Yes, you. You need a plan, I need a plan, we all need a plan if we are going to tackle the 50,000 word challenge and emerge as healthy, happy human beings at the end of it.
There’s a general attitude in the amateur writing community that there are two basic types of writer:
- The Planner. The planner, as the name suggests, plans things, sometimes to within an inch of their lives. Chapter outlines, character concept sheets, interviews, charts, day-to-day to-do lists – you name it, a planner has probably done it. They likely have a document already twice the length of the eventual novel with all the background they could ever want or need. And maybe only one or two sentences of that material will ever make it into the finished product.
- The Pantser. A.k.a. every year, all the time, always. Hey, I’m working on it. And, as a general rule, there’s no problem with this method. It works really well for a lot of writers. That said, this method comes unstuck when you mix it with 30 days, 50,000 words and other time commitments like work, school, and a social life.
So I’m gonna make this super clear. Your health (mental and physical) is more important than a book, than a month, than a challenge.
Which brings me back to my first point – if you want to tackle NaNoWriMo and survive it, you need to plan.
Planning for Pantsers
Yeah, I know – you don’t have time, planning stifles your creativity, your writing flows better when you fly by the seat of your pants. Normally, I would agree with you but for November, I’m just gonna refer you to the first half of this post.
(Planners, you already got this bit so you can skip to the second set of dot points.)
- Do you know the general shape you want your story to take? (This may (read:will) change as the month progresses. So what? Having an idea of the overall shape will help, I promise)
- Do you have a protagonist?
- Do you have an antagonist?
- Is there conflict?
- Do you have a space where you can write? Can you easily make space?
- Do you have the right materials?
- Do you know how much time you have each day to write? You don’t want to be sacrificing too much sleep or ignoring all social obligations or not turning in assignments or skipping shifts at work just to complete a challenge that means nothing in the larger scheme of things.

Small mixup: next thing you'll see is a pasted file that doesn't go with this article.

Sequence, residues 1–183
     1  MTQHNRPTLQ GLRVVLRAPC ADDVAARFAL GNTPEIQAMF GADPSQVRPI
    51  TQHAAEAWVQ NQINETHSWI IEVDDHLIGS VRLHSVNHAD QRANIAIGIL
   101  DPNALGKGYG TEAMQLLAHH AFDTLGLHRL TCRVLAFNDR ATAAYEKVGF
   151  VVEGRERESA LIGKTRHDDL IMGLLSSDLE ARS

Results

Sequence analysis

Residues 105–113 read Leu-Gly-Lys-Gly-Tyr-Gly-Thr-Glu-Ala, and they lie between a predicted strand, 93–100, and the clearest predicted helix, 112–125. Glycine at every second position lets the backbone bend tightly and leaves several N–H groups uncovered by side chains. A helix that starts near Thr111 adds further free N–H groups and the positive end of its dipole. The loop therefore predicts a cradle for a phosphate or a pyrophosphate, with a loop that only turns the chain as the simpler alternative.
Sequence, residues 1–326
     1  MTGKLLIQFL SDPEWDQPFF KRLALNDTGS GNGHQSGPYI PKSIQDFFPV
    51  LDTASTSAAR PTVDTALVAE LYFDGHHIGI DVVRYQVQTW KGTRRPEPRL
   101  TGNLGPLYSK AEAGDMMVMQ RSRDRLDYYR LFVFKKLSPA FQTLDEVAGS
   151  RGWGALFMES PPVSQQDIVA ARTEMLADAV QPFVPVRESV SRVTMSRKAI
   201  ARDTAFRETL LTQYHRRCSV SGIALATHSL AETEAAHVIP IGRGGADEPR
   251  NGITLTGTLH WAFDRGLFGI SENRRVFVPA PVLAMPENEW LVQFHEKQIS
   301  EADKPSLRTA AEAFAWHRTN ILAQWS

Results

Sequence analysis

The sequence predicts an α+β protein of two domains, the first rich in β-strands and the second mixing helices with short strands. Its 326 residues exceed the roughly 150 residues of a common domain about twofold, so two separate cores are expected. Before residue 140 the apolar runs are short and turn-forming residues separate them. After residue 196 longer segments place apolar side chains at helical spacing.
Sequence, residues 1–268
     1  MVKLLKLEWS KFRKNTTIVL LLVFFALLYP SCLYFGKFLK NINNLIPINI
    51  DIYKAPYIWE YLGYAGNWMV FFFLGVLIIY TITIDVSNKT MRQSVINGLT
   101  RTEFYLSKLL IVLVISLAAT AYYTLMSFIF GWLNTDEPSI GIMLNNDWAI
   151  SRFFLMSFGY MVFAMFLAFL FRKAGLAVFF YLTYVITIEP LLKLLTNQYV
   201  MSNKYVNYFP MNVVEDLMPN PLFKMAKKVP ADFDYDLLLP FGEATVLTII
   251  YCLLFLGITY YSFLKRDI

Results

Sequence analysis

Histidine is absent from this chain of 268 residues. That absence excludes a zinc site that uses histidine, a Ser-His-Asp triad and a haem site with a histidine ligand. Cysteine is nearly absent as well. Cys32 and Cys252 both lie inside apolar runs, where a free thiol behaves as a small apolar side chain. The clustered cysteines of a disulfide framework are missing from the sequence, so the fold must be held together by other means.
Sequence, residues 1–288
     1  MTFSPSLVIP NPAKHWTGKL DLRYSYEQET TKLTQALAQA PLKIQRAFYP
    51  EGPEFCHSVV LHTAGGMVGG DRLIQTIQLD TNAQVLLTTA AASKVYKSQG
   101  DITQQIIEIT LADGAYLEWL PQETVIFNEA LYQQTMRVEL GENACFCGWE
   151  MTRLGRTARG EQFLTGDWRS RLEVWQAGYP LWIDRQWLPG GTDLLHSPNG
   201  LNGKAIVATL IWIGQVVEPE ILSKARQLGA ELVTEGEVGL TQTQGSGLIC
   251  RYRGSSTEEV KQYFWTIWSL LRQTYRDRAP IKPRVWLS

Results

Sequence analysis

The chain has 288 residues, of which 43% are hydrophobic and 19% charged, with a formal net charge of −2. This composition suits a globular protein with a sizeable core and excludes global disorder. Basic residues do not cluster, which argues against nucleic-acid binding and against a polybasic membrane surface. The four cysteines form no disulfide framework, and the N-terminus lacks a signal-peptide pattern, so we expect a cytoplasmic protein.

You obviously don’t need to have concrete answers to all of these dot points but you may find it helpful to mull over them as October draws to a close.
Y’all need to be paying attention to this bit.
Ok, I know I haven’t really emphasised this very much* but you need to look after yourself during November. It is really really easy to fall into a pattern of caffeine abuse, junk food and bum in seat inaction.
I’m not going to tell you to not eat chocolate/
poison treat of choice or to take up running/rock climbing/ocean swimming/extreme yoga. That would be ridiculous and I certainly wouldn’t be following that advice. You’d never tear me away from chocolate. So instead here’s a few tips to minimise the damage.
- Drink water. I know some people aren’t huge fans of water (a lot of tap water in the U.S. seems to be pretty undrinkable from what I’ve heard) so if you can’t stomach the idea of straight water, try tea. Energy drinks and soda will only get you so far. I honestly find that a glass of cool water does more to wake me up and help me focus than a shot of coffee.
- Have some healthy snacks on your desk. Fruit or nuts or seeds or carrot sticks, whatever you want. Have that chocolate handy too but mix things up.
- Move. Stand, stretch, walk, dance. If you can stand while you type, that’s better for you than sitting the whole time. Kill two birds with one stone and meet a friend for a walk. Take a dance class.
- Try something new. You’re going to spend a whole month focusing religiously one one thing. It’s little wonder that so many NaNo-ers suffer writer’s block. Mix things up, take a class or watch some YouTube videos and learn a new skill. Your brain, your body and your writing will thank you for it.
- Read. When you’re not writing (during your commute or before you go to sleep) flick through a few pages of a book from a genre completely different from the story you’re writing. This will help you avoid cliches and could give you a insight into some really cool writing tricks.
- Enjoy it! Let’s be real, NaNoWriMo, for most people, is no walk in the park but you shouldn’t be so stressed and miserable trying to hit your words goals that you’re getting nothing out of the experience. I honestly feel I learnt more about writing and myself the years I didn’t hit the 50,000.
If you made it all the way to the bottom of this post, thank you. It ended up a little longer than I intended.
Best of luck in November and feel free to add me as a writing buddy 🙂